Cosmo - 
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STORY CORRECTION When we originally aired this story, Marketplace said the magazine would be available in Saudi Arabia. The magazine will in fact be available in UAE, Oman, Bahrain, Qatar and Lebanon.

STEVE CHIOTAKIS: For months now, we've been talking about the unrest that's spread across the Middle East and North Africa. The people of the region have risen up wanting the same freedoms other people around the world enjoy. But those kinds of freedoms include a lot of things people there haven't seen before or have only heard about. So today, women in the Middle East are getting their first look at their own version of the magazine, Cosmopolitan, Cosmo.

The BBC's Katy Watson reports from Dubai.

KATY WATSON: Women played a major role in many of the protests across the Arab world. In Egypt and Tunisia, for example, they've been demanding greater political and cultural freedoms. But does that mean women in the region are ready for a magazine like Cosmo -- that writes freely about men, relationships and even sex?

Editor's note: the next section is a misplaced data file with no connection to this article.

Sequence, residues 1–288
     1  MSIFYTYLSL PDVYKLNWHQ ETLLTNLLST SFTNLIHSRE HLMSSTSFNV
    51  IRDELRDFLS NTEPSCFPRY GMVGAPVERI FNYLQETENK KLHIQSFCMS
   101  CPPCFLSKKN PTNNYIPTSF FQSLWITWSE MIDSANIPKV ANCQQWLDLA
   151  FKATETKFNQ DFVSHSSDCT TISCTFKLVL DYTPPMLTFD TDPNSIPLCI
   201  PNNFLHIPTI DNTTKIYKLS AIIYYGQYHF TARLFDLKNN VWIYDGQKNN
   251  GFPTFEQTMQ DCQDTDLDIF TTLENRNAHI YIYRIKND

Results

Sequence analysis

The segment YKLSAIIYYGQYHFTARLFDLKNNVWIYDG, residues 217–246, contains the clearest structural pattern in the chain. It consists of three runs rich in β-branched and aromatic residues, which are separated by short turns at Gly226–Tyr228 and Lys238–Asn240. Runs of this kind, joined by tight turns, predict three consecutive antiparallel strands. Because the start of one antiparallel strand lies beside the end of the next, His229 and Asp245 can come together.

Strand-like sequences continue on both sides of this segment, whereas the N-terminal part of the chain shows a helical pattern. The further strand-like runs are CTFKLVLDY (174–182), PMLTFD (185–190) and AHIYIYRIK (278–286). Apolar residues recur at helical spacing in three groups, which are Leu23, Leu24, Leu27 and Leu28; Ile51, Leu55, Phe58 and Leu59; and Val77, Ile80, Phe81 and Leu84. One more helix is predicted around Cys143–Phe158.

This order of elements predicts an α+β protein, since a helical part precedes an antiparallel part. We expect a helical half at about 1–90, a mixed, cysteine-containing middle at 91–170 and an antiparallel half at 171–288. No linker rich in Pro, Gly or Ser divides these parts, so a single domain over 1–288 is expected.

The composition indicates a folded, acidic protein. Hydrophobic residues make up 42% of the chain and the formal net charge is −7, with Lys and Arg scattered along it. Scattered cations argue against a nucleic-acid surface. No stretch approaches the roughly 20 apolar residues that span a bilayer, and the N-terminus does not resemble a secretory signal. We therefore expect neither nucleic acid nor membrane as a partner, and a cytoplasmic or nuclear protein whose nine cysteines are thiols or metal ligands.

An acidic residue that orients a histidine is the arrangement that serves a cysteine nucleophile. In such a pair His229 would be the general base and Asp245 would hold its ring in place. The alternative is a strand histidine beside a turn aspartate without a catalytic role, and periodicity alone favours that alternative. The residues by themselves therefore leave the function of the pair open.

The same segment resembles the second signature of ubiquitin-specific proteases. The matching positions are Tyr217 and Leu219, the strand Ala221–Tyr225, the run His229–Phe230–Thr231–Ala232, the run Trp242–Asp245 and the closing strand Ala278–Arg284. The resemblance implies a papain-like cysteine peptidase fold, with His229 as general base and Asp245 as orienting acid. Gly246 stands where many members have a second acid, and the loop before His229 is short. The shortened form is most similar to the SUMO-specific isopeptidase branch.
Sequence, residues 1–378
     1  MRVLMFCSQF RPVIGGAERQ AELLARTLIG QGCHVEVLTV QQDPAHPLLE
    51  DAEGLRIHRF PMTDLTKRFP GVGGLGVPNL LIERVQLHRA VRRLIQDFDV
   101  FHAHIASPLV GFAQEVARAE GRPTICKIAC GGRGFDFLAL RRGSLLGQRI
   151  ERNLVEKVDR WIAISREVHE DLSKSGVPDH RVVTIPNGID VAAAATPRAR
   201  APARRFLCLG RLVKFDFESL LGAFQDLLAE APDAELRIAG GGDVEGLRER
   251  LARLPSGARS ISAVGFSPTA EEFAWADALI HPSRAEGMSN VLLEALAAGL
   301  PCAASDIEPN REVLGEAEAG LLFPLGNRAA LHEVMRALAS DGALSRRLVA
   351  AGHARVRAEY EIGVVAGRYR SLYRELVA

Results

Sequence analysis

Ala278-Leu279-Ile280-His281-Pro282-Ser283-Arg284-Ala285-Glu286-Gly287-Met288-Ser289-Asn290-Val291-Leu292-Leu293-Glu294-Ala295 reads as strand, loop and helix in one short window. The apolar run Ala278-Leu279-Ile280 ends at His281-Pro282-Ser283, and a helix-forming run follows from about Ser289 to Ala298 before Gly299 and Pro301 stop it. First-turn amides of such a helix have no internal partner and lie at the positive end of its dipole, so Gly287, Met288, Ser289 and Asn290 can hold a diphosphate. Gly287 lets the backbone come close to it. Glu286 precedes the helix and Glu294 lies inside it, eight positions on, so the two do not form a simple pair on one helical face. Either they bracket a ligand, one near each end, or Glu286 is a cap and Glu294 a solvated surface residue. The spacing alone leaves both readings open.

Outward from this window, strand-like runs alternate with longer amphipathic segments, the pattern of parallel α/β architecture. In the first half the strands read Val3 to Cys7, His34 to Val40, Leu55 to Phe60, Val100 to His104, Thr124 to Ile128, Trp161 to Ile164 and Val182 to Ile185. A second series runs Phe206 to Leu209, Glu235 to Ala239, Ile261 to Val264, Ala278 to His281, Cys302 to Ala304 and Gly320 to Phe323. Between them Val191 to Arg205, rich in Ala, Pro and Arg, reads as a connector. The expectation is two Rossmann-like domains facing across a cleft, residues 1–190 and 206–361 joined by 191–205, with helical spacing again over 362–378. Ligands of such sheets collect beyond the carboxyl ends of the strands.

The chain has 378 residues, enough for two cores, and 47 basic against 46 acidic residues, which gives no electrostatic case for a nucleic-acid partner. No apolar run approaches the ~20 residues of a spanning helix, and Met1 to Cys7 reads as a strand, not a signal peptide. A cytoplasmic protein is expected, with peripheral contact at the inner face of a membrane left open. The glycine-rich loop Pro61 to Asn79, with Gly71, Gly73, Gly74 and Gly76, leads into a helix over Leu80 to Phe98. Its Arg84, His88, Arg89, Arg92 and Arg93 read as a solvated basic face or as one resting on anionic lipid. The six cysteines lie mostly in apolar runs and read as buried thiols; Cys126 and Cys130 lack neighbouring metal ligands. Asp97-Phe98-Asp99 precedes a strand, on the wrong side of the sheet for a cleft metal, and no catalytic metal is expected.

Kerrie Simon is editor of Cosmopolitan here in Dubai -- she says they are:

KERRIE SIMON: Women today in the Middle East are just so much more sure of who they are and their rights within their own home. You know, their rights to enjoy a relationship, their rights within a relationship and more confident in who they are.

The magazine will be sold across the region. Now countries like Lebanon are very liberal. But Cosmo will also be sold on newsstands in Saudi Arabia -- a country where men and women can't even mix together in public.

The first issue of the magazine will feature an article on '10 ways to get him to notice you.' A watered down alternative to what you may find in European and US editions perhaps. But nonetheless likely to appeal to girls across the region.

In Dubai I'm the BBC's Katy Watson for Marketplace.